Developing Rubrics: Lessons Learned

(published in Assessing Outcomes and Improving Achievement: Tips and Tools for Using Rubrics, written by Wende Garrison)

 “A good example has twice the value of good advice.”

The emphasis on assessment at colleges and universities across the country has created a need not just for assessment tools, but for tools that can yield meaningful information about student learning, experiences, and success. In response, many campuses have appointed committees, often comprised of faculty members, to create or redesign existing assessment tools. Increasingly, however, these efforts have sought to evaluate student achievement at the programmatic level, rather than at the level of individual courses. And although faculty can expertly evaluate the work assigned within a particular course, they are less accustomed to creating assessment tools that span specific course objectives and subject matter such that student learning and success can be measured both within and across college curricula. To do this, faculty must learn to conduct assessment not only within a group but also as a group; they must share knowledge, reflect upon expected outcomes, build consensus, and take collective ownership of the assessment.

The Valid Assessment of Learning in Undergraduate Education (VALUE) project of the Association of American Colleges and Universities (AAC&U) typifies how, using rubrics, faculty can work collectively to create meaningful assessment of student learning. Over the course of eighteen months, fifteen teams of faculty and their colleagues from around the country created rubrics to assess the essential learning outcomes identified through AAC&U’s Liberal Education and America’s Promise initiative. Working virtually and by telephone, the teams have produced, in addition to the rubrics themselves, a road map of sorts for the process of creating rubrics as a group. What follows are the lessons learned through the VALUE project.

Don’t Reinvent the Wheel

Departments and institutions often have assessment tools with which they are already working. This is not to say that they don’t need to create local versions of the VALUE rubrics, versions tailored to particular contexts, but rather that the process doesn’t need to reinvent the entire wheel. Local development groups should begin by searching for existing examples of assessment, and then proceed by discussing how these might be adapted to meet departmental or institutional objectives. For each of fifteen learning outcomes, the VALUE project collected approximately twenty sample rubrics from campuses around the country. This early rubric collection is located online and can be searched by subject area (see Anyone in higher education may add resources to the site or use it as a public library for local rubric development projects.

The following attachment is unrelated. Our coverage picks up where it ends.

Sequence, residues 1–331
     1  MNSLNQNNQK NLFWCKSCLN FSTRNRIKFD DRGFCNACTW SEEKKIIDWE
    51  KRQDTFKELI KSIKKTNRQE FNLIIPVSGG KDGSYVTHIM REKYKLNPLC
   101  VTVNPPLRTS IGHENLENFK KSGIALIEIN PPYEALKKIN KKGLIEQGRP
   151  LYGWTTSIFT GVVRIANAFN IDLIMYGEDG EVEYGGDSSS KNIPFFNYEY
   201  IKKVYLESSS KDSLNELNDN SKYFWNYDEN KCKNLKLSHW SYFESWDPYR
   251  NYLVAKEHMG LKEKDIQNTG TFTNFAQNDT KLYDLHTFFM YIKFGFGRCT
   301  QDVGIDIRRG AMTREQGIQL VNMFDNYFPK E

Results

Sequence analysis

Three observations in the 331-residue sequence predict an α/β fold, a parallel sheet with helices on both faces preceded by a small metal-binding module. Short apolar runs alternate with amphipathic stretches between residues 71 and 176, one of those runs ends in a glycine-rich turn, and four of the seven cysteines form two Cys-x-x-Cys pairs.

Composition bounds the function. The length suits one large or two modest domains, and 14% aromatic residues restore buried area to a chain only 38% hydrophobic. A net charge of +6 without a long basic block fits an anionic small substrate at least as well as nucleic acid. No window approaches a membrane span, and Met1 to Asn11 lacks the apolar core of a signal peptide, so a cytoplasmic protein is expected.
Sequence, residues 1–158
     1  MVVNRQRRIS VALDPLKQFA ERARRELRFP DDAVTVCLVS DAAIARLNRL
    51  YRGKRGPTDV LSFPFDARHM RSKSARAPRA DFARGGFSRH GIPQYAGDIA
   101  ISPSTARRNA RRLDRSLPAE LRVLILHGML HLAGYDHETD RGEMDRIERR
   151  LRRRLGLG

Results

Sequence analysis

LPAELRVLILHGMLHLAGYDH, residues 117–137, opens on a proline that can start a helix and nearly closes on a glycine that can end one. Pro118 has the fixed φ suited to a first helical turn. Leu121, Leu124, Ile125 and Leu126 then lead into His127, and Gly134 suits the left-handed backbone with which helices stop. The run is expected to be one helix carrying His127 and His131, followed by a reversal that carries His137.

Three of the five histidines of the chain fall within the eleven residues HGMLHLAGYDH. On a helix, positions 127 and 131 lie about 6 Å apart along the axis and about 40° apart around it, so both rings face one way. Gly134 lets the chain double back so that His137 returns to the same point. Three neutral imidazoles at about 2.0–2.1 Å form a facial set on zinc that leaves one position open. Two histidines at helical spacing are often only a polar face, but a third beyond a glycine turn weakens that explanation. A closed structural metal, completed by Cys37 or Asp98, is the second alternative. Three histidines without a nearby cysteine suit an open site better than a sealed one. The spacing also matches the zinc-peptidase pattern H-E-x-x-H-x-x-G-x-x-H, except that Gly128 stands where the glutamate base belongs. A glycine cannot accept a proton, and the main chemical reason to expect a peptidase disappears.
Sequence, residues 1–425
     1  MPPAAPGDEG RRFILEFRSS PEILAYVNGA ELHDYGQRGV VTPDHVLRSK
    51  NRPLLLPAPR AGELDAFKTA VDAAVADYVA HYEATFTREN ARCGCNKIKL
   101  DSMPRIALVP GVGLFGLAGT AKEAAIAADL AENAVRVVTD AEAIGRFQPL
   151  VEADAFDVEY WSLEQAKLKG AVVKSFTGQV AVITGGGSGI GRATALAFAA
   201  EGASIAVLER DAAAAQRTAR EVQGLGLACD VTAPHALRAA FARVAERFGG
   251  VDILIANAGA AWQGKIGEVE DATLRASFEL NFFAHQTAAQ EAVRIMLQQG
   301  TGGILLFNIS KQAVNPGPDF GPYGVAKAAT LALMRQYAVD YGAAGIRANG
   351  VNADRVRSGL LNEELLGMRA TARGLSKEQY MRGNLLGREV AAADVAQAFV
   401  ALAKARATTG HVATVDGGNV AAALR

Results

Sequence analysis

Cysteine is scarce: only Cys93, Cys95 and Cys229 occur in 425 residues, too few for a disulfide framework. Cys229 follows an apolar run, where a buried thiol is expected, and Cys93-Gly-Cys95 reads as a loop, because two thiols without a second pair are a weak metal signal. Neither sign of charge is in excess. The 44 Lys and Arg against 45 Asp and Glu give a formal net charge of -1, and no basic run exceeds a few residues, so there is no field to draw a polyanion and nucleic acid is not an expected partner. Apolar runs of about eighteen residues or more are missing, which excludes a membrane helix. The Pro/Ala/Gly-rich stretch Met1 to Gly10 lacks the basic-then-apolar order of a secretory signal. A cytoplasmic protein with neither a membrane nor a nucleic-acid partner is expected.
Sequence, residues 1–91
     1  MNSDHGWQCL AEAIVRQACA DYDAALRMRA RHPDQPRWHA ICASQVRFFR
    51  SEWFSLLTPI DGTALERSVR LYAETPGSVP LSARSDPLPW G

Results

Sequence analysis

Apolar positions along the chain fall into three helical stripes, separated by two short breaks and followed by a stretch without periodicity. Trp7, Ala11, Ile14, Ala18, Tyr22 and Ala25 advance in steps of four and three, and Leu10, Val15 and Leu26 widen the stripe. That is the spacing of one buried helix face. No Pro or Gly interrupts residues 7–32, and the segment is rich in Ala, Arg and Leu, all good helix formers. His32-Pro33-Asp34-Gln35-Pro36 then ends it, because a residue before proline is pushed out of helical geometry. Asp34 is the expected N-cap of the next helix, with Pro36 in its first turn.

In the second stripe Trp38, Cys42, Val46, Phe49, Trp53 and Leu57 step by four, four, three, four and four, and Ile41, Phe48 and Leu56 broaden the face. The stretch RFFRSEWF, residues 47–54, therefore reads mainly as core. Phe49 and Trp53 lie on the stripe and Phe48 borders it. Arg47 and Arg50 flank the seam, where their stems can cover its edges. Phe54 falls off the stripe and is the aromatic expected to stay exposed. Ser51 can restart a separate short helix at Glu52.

Once the rubrics for an outcome area were collected—primarily through Internet searches for publicly posted material and contributions from individual faculty—they were shared with each of the rubric development teams. The teams then examined the rubrics and identified the common criteria found most frequently across each collection. These criteria became the foundation of the VALUE rubrics.

For some less common outcomes—for example, integrative learning, civic engagement, and creative thinking—fewer rubrics were available. In these instances, the teams utilized other important sources identified by faculty from the relevant fields to determine the criteria on which there appeared to be widespread agreement within a discipline or learning outcome area.

Many Hands Make Light Work

Both the size and the composition of a team can affect the achievement of rubric development goals. After working in the VALUE project with teams of varying sizes, we concluded that a team of five to ten people is optimal. Teams of this size were able to continue working when one or two people needed to miss a meeting. Smaller teams were not always able to gather enough members at one time to advance the work, and as a result they encountered more delays than the larger teams.